Trojan:Android/GinMaster.A steals confidential information from the device and sends it to a remote website.
F-Secure's Mobile Security product blocks installation of this program with default settings.
Monitoring-Tool:Android/GinMaster.A can be uninstalled by following the steps below:
- Go to Settings
- Go to Applications
- Go to Manage Applications
- Select the application
- Press "Clear data"
- Press "Uninstall"
- Select "OK" when asked for confirmation and wait
Trojan:Android/GinMaster.A is a trojanized application which was first seen in the Android Market for (mainland) China by researchers from North Carolina State University. The exploit source code has been publicly available since April 2011.
It is the first malicious software to utilize a rooting exploit that targets Android 2.3.3 (Gingerbread) devices to escalate privileges on the system. Based on the author's own description of the exploit and examination of its binary, it may also work on Android 2.2 (Froyo) and 3.0 (Honeycomb) devices.
Trojan:Android/GinMaster.A's own description.
However, in the particular sample analyzed, the trojan will only run the exploit if the device version is not greater than 2.3.3 (up to Gingerbread version only).
Trojan:Android/GinMaster.A's use of the exploit may allow it to install additional applications to the device without the user's consent.
The malicious application asks for the following permissions during installation:
Permissions requested by Trojan:Android/GinMaster.A
If the user agrees with the permission requests and proceeds with installation, the application will start up a malicious service in the background. The malicious service is designed in such a way that as long as the main process is running, it will not be terminated by the operating system in the event of a device memory resources shortage.
This is how it looks like on the device in the list of running services.
Trojan:Android/GinMaster.A starts a service in the background.
The malicious service (in effect, the trojan's payload) is triggered when one of the following conditions is met:
- When the trojanized application is running
- When the device finishes a boot
- When a new package is installed on the device.
- When a new package is removed from the device.
All these malicious activities occur invisibily in the background and are performed without notifying the user or seeking consent.
While the trojanized application is running, to the user it appears to be a list of links leading to pretty images:
Some images from the trojanized application
After a few seconds, a popup message will appear that asks the user's confirmation to apply an update. If the user confirms, a new application update downloaded from the internet will be applied.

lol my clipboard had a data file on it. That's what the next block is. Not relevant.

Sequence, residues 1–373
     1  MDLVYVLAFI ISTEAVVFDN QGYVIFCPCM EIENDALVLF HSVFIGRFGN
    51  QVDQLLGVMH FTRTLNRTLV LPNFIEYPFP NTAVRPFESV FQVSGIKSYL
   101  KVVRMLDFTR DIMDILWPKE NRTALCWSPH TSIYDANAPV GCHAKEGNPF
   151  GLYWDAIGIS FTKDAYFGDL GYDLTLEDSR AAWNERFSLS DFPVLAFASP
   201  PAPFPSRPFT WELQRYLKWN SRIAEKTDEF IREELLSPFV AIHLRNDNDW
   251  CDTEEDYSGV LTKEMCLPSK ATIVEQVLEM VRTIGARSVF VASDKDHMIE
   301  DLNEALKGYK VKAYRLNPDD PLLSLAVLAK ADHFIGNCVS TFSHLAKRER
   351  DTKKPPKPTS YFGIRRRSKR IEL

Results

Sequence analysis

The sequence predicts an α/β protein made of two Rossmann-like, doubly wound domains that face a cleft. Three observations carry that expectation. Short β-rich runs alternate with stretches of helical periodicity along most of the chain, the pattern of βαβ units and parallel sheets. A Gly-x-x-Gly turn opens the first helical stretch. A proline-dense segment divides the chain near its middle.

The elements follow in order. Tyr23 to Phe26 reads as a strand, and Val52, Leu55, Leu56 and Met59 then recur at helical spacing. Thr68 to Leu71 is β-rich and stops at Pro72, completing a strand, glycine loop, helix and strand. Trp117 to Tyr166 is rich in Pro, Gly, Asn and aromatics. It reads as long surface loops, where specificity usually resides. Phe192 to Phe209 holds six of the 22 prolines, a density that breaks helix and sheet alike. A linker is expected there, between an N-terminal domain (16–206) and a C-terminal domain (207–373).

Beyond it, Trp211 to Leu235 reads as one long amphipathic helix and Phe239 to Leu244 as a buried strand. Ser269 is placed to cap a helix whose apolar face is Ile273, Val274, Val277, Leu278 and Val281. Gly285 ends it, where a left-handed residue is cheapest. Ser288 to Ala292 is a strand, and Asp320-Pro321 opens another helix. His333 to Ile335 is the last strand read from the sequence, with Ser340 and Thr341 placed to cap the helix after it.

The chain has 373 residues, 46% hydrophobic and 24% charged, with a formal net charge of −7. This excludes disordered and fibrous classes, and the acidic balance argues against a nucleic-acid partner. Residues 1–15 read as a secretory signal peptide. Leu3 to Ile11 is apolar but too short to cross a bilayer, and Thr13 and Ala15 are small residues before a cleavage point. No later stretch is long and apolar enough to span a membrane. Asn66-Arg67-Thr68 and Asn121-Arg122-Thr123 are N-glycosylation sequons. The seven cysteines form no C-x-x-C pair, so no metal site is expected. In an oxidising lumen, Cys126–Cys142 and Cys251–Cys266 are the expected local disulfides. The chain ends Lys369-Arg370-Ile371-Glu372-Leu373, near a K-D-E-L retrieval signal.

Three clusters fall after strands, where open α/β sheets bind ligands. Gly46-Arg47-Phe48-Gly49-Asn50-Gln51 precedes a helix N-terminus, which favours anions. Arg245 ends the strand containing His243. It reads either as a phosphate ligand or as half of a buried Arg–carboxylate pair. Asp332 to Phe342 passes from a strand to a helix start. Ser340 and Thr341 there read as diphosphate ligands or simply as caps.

The user can choose not to confirm the update and just press the phone's back button. The trojan however still proceeds to silently download the application package and save it in the device's SD card, all without the user's consent.
Trojan:Android/GinMaster.A automatically downloads the 'update' regardless of user action (click for larger view).
If any of the trigger conditions for the malicious service is met, it immediately downloads application configuration and harvests the following confidential information from the device:
- Current system time
- International Mobile Equipment Identity (IMEI)
- User Identifier (UID - same as IMEI)
- International Mobile Subscriber Identity (IMSI)
- SIM number
- Telephone number
- Network type
- Current version of app (versionCode)
- Serial number
The stolen information is sent to a remote site.
The trojan also collects package information of packages installed in the system (except those with "Android" or "Google" in the package name) and stores them in its local database.
Package information of installed programs harvested and saved (click for larger view).
The trojan also collects package information for apps newly installed on or removed from the device. For this sample, a test install of Skype was used.
Package information of newly-installed program saved (click for larger view).
The collected package information is also sent to the remote site together with the abovementioned confidential information.
The malicious service then proceeds to the rooting process by first preparing the files it needs, then executing them.
The original files are suffixed with png extensions (presumably in order to mislead the user) but in fact they are ELF32 for ARM binaries and shell utility scripts.